Sunday 30 November 2008

A few extra photos.

These are for those who were kind enough to say they wanted more photos.

The camera gives a more truthful image of the horse colour than the scanner. The undercoat does not alter the colour as much as one might expect.

I would like to thank Mr Mike Siggins, for generously sharing his experience of working with oils. He is one of the real gentlemen of wargaming today.

So, moving swiftly on!

Well apologies to all who have dropped in found no one at home, especially Black Bob.

I would love to tell you all what I have been up to this autumn but as Dr Watson might have said, the world is not yet ready to know the full story of the Mongolian mountain of light and Mr Asquith's part in averting the collapse of western capitalism.

Anyway the doctors have saved the leg and I now feel strong enough to return to one of the most contentious issues of our time:

Toy soldiers and how we paint them!!!

I am not a huge fan of imaginary armies but I give myself the treat of designing and painting just one unit a year for my fictional mid 18C army. The last three years have produced units which were copied from Peter Young's 'Charge'. This year I was able to start from scratch and settled on another cavalry regt. This time one of dragoons.

Regular readers, (if any such are left) will know of my enthusiasm for the horse models of Holger Eriksson. The range that are available is really quite wide now and can easily be ordered through Tradition or Spencer Smith miniatures. A word of warning though. The legs are very delicate, don't be tempted to trim any flash from the lower legs of the horse. Just be grateful for the extra strength and paint it as foliage.

My army is loosely based in the mid 18C after an alternative thirty years war in which many states remained independent and Bohemia is a northernmost bastion of Catholicism with its independent army. One of Bohemia's oldest and proudest regts is the Winter Queen Dragons, so called because they provided the escort to the Empress Elizabeth during her campaign to consolidate her reign after the assassination of her husband..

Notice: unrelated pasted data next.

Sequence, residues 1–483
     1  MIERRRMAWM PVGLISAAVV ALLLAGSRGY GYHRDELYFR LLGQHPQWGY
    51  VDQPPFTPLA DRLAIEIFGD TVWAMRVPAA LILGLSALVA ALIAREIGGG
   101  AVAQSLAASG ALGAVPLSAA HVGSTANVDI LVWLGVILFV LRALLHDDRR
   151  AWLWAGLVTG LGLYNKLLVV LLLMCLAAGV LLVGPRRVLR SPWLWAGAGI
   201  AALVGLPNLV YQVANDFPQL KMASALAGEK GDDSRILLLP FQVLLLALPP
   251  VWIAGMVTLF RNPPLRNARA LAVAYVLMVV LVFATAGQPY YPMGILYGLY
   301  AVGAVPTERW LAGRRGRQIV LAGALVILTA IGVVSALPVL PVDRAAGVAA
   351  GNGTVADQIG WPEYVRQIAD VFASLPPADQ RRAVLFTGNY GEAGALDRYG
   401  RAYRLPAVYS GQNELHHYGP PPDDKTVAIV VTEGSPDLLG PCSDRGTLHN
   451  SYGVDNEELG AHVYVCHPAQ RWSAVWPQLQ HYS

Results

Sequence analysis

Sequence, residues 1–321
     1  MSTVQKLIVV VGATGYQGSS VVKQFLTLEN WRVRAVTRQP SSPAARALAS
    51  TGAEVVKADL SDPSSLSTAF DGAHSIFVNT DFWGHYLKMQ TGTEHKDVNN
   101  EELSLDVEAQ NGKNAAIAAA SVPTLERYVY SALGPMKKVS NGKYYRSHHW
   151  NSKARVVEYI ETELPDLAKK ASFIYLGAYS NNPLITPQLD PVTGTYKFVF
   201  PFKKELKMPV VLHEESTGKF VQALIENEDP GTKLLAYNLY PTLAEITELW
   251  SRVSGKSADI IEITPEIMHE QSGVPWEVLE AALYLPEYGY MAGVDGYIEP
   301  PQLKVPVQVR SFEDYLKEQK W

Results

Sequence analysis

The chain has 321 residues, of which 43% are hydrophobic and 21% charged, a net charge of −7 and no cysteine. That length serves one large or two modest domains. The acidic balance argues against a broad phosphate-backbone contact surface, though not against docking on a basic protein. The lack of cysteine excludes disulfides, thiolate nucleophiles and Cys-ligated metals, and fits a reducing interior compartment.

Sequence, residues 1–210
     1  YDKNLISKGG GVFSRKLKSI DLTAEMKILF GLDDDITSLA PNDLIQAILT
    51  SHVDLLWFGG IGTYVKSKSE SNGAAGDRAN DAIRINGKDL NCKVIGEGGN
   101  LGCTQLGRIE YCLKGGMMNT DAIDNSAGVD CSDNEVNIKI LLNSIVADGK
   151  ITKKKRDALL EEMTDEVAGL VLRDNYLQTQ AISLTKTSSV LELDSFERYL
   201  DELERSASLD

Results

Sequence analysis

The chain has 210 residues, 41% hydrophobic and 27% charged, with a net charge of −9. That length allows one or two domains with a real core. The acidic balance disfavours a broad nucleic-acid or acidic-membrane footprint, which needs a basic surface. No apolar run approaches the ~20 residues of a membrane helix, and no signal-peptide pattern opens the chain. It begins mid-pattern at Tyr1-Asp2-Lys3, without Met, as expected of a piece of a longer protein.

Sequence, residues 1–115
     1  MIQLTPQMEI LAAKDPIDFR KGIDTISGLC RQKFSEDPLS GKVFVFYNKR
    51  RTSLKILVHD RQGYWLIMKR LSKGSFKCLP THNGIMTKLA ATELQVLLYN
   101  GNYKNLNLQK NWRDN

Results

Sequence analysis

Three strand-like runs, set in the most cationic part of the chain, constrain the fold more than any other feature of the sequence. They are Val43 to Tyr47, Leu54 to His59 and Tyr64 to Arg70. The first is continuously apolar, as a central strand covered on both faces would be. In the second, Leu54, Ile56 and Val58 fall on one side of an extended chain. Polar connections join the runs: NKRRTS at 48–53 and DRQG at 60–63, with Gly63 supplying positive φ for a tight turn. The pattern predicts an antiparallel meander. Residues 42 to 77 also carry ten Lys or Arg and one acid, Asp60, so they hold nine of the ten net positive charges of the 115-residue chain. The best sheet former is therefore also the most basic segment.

Most of the painting is self evident. However I experimented with the horses. I am always looking to cut down the time and effort involved. I prefer to use a spirit based wash rather than water for large areas as it spreads more easily and runs into the depressions without those nasty bubbles that pop later and leave undercoat showing through. This time I wanted to try and get something of the effect of using oil paint without all the hassles of putting it on and wiping it off.

Cream and orange undercoats the same wash on top

I divided the horses into three and undercoated them with diluted washes of enamel paint in khaki, cream and bright orange. I then made a mix of about one part Vandyke brown oil paint, one part linseed oil and four parts white spirit. put in a Little bottle with a brass screw as an agitator it keeps well. Splash it all over and put aside for at least a week, maybe three. (Next time I will try quick drying linseed oil.) Overall I am pleased though the oil pigment is so strong the undercoat shows through less than I expected. Lastly I finished with several coats of gloss spray varnish to get a real porcelain glaze on the figures.

The Winterqueen Dragoons at exercise. This painting shows them manoeuvring on the harvest stubble fields south of the palace at the end of an Autumn evening. (scenery by merit, harvest field from Mrs Asquith's sewing basket.)

And finally, A Winters Evening... the view from the window by my computer desk, taken while writing this blog entry. I wish you all a peaceful and warm Sunday evening.